Journal of Clinical and Diagnostic Research, ISSN - 0973 - 709X

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Original article / research
Table of Contents - Year : 2017 | Month : April | Volume : 11 | Issue : 4 | Page : ZC64 - ZC67

Comparative Analyses of Smear Layer Removal Using Four Different Irrigant Solutions in the Primary Root Canals – A Scanning Electron Microscopic Study ZC64-ZC67

Krishna Vallabhaneni, Pranitha Kakarla, Sai Sankar Jogendra Vula, Venu Gopal Reddy N, Pratap Gowd MJS, Kuravadi RAJA Vardhan

Correspondence
Dr. Pranitha Kakarla,
Assistant Professor, Department of Pedodontics and Preventive Dentistry,
Sibar Institue of Dental Sciences Takalapadu, Guntur-522509, Andhra Pradesh, India.
E-mail: kakarlapranitha@gmail.com

Introduction: A clinician’s path to success is a clean root canal system with three dimensional seal. Mechanical instrumentation of root canals alone leaves behind a smear layer covering the dentinal walls. Instrumentation must always be supported by use of irrigants which are considered as an essential prerequisite for root canal debridement.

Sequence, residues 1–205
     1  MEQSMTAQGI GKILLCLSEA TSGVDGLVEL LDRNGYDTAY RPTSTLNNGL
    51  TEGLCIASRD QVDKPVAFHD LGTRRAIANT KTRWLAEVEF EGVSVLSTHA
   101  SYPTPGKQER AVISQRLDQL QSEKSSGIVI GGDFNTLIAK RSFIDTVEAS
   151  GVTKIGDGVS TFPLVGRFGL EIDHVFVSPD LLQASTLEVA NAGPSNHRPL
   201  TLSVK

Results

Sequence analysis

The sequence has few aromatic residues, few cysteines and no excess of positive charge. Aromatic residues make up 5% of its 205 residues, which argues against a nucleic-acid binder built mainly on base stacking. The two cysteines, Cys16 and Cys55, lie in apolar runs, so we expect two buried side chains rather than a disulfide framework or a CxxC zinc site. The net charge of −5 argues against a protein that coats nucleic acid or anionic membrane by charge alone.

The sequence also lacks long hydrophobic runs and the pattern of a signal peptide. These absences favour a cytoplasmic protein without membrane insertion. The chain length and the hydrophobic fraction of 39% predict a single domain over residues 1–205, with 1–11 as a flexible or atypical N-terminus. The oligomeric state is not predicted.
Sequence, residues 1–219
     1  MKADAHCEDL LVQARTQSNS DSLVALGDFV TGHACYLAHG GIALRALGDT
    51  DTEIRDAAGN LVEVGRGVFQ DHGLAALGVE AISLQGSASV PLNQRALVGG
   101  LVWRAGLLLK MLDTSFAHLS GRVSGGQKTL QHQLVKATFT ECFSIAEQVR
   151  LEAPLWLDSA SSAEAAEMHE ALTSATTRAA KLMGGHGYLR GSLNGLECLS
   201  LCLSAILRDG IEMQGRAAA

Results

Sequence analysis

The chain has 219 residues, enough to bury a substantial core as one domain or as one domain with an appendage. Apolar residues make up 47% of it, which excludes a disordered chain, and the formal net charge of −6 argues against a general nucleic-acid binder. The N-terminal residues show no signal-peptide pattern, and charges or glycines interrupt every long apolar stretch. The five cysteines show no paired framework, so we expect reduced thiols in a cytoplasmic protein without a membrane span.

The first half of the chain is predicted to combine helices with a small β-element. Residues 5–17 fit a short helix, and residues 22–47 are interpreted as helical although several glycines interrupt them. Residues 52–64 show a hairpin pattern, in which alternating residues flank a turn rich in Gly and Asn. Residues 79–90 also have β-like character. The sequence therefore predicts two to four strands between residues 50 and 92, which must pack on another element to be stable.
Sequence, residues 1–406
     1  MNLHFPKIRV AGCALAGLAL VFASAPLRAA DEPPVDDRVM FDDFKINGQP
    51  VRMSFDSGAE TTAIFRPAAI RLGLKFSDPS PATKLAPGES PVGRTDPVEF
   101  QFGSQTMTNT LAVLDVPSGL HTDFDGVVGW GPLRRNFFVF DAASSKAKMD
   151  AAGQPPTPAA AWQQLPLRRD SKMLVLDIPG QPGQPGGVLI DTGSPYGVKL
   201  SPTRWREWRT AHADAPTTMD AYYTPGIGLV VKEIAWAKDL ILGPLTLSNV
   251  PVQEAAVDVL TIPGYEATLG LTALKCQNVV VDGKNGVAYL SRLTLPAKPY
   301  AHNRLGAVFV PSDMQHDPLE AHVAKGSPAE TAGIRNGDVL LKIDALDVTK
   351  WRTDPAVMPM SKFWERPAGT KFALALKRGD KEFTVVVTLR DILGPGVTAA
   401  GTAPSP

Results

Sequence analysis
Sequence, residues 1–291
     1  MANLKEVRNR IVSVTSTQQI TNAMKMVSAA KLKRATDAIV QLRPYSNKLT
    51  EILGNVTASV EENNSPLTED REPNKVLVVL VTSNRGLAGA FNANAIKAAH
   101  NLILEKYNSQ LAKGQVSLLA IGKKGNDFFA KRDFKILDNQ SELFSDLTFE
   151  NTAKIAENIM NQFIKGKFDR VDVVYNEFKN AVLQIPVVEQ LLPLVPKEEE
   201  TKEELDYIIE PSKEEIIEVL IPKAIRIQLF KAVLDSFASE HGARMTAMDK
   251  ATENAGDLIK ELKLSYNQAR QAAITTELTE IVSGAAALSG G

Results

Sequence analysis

Aim: The aim of this in vitro study was to compare the efficacy of four irrigating solutions in removing the smear layer in primary root canals after hand instrumentation.

Materials and Methods: A total number of 40 human primary incisors were decoronated and split longitudinally. The specimens were divided randomly into four groups (n=10): Group I: 5.25% Sodium Hypochloride (NaOCl), Group II: 6% citric acid solution, Group III: smear clear and Group IV: 0.2% chitosan. Scanning electron microscopic analysis was performed to assess the presence or absence of smear layer at the coronal, middle and the apical portion of each canal. The data was analysed using Stastical Package For Social Sciences (SPSS) version 19.0 Armonk, NY IBM Corp soft ware.

Results: The pictures from the scanning electron microscopy showed that Group II exhibited better efficacy in removing smear layer without altering the normal dentinal structures with lowest mean scores (p<0.001) followed by Group III, Group IV and Group I. The presence of debris was more evident in the apical third rather than in the middle and the coronal part of the root canal.

Conclusion: A 6% citric acid removed the smear layer more efficiently than other test irrigants in primary root canals.